Why You Need a Domain Name

A domain name is the part of an email address after the @ sign or the part of a website address after the www.

For example, advice4businesses.co.uk is a domain name and it is used to make up part of the www.advice4businesses.co.uk website address. It is also used in email addresses such as fred@advice4businesses.co.uk.

Why Use Domain Names?

The internet is made up of hundreds of thousands of computers, each with a unique numerical address called an IP address. Each IP address take the form xxx.xxx.xxx.xxx where each xxx is a number between 0 and 255. So, an example of an IP address would be

The IP address used in the above example is actually the IP address of the bbc.co.uk domain. The BBC website is a very popular and well visited site. But if you had to type into your web browser everytime you wanted to visit the BBC site, you wouldn’t be very likely to remember the address from one visit to the next.

That’s where domain names come in. The domain name bbc.co.uk is much easier for people to remember than a string of numbers.

Computers, on the other hand, prefer numbers. So, when you type www.bbc.co.uk into your web browser, a process called domain name resolution takes place. Put simply, this means that your computer goes through a process where it looks up the domain name that you have entered into your web browser and converts it to the real numerical IP address.

Does my business need a domain name?

Whilst it is possible for your business to receive emails and have a website without using a domain name of your own, this is not recommended.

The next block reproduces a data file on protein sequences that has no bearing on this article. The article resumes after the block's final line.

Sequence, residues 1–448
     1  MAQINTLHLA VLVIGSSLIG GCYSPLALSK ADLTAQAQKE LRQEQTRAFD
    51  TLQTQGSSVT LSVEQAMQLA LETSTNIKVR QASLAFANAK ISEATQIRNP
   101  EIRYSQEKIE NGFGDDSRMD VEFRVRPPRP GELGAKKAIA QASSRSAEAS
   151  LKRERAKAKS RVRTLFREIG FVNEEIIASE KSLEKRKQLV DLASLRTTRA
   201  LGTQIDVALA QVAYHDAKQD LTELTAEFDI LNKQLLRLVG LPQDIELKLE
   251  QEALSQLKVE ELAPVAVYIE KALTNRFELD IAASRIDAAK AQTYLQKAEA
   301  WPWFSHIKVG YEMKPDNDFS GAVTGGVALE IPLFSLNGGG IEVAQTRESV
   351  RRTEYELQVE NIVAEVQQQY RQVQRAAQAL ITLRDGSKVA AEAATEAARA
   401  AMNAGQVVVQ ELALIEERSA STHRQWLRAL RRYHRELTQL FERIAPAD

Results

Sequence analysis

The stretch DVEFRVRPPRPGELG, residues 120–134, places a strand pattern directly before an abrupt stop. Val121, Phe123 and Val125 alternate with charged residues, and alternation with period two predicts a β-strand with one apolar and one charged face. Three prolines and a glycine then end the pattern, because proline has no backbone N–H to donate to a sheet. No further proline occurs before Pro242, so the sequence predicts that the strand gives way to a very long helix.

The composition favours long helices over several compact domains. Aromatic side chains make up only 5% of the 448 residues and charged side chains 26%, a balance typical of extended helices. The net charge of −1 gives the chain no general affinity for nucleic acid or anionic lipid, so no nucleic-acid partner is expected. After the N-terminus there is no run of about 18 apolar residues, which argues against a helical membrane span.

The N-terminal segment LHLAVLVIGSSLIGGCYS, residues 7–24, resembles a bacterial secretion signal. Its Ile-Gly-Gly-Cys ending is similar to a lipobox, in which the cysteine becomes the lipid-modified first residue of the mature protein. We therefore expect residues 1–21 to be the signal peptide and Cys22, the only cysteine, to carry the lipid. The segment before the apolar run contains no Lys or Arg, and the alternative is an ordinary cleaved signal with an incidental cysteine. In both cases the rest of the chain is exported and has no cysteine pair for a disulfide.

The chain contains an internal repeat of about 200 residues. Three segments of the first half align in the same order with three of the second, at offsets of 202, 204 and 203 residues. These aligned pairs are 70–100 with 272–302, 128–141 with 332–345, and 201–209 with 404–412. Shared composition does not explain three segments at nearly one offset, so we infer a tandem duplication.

Let’s suppose you have a business called Sophie’s Widget Company. Assuming it was available, you could purchase the domain name sophieswidgets.co.uk. Your website address would then be www.sophieswidgets.co.uk and you could have as many email addresses using that domain name as you wanted – for example:

Without a domain name, you would have to put up with whatever email address and website address your internet service provider (ISP) gave you. This would mean having an email address like
sophie@sophieswidgets.freeserve.co.uk or

Your website address would be similarly complicated – for example:
(that squiggly symbol is called a tilda, by the way).

Not only are these types of email and web addresses clumsy and difficult to remember, they also look unprofessional and immediately raise doubts as to whether you are a “proper” business.

Remember, trust is very important in business. This is especially so in internet dealings, where potential customers tend to need even more reassurance that you are genuine because they can’t see you or your business premises. So anything you can do to convey a professional image, such as having your own domain name, helps build trust and sales.

How do I get a domain name?

The first step is to choose your name. This will usually be the name of your business (or a variation of it) such as sophieswidgets.co.uk or sophies-widgets.co.uk. UK based businesses should normally opt for a .co.uk domain. However, if you are dealing internationally, or want to stop someone else using another version of your domain, it can be a good idea to register the .com version of your domain as well – e.g. sophieswidgets.com.

An alternative to using your business name in your domain name is to pick a domain name which describes your product or service instead – for example handmadechocolates.co.uk.

To check domain availability and then register your domain name, you can use one of the many companies that register domains, such as:

UK Domains & UKHosting



Registering a .co.uk domain name should cost under £10 for a two year registration. A .com domain for the same period of time should cost around £20. Any more than that and you are probably paying over the odds.

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